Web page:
The first phase of the festival was a public drama depicting the murder and dismemberment of Osiris, the search of his body by Isis, his triumphal return as the resurrected god, and the battle in which Horus defeated Set. This was all presented by skilled actors as a literary history, and was the main method of recruiting cult membership. According to Julius Firmicus Maternus of the fourth century, this play was re-enacted each year by worshippers who "beat their breasts and gashed their shoulders.... When they pretend that the mutilated remains of the god have been found and rejoined...they turn from mourning to rejoicing." (De Errore Profanorum).
The passion of Osiris is reflected in his name 'Wenennefer" ("the one who continues to be perfect"), which also alludes to his post mortem power.
Parts of this Osirian mythology have prompted comparisons with later Christian beliefs and practices.
Egyptologist Erik Hornung observes that Egyptian Christians continued to mummify corpses (an integral part of the Osirian beliefs) until it finally came to an end with the arrival of Islam and argues for an association between the passion of Jesus and Osirian traditions, particularly in the apocryphal gospel of Nicodemus and Christ's descent into Hades. He concludes that whilst Christianity rejected anything "pagan" it did so only at a superficial level and that early Christianity was "deeply indebted" to Ancient Egypt."I'm inclined to agree.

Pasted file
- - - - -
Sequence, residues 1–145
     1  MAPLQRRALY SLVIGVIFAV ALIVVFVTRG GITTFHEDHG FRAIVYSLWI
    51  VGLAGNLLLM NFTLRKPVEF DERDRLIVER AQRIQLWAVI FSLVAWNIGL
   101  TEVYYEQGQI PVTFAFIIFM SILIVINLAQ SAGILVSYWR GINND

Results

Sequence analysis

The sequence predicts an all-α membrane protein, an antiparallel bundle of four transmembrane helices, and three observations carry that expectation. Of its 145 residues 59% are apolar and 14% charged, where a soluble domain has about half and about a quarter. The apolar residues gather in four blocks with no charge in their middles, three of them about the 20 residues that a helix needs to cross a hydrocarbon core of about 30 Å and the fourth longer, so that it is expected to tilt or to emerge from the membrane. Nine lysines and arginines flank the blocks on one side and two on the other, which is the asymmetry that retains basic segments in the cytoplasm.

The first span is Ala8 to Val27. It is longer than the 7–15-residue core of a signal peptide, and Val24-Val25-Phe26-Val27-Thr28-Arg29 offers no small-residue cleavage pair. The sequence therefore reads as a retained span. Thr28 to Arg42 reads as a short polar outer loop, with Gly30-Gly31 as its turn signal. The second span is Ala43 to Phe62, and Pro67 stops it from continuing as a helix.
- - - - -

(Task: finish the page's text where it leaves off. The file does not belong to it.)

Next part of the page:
So what is the moral of this story? I thought you would never ask. I'm pretty much against blind obedience to revealed doctrine. It is a doctrine of modern Judaism that Jews are not bound by any of the revealed laws. Oh we are bound by law all right. Lots of them. But we can reinterpret the laws based on our own understanding. Mostly we leave the interpretation to the Rabbis. Guys who spend their life studying law. But that is not an absolute rule. What is the absolute rule? Let your conscience be your guide. Which is how we end up with a Jewish atheist like Maimonidies. You see Jews are not required to believe in doctrine, miracles, or even God. The only fundamental requirement is to Love thy neighbor as thyself. A motto on the front of Temple Beth Israel in Omaha when it was at 52nd and Charles St. when I was growing up.
I believe that makes for a much sounder "faith" than a slavish adherence to any revealed doctrine. You see I don't have to persecute gays or anyone else just because it is written in some old book. I can love all my neighbors as long as they are at peace with me. Which makes libertarianism the perfect politics for me. Not the wimpy kind of libertarianism espoused by the Libertarian Party but the more muscular kind of the libertarian Republicans.
Cross Posted at Classical Values
Update: This book might be of interest if you want to further explore the subject:
Pagan Christianity?: Exploring the Roots of Our Church Practices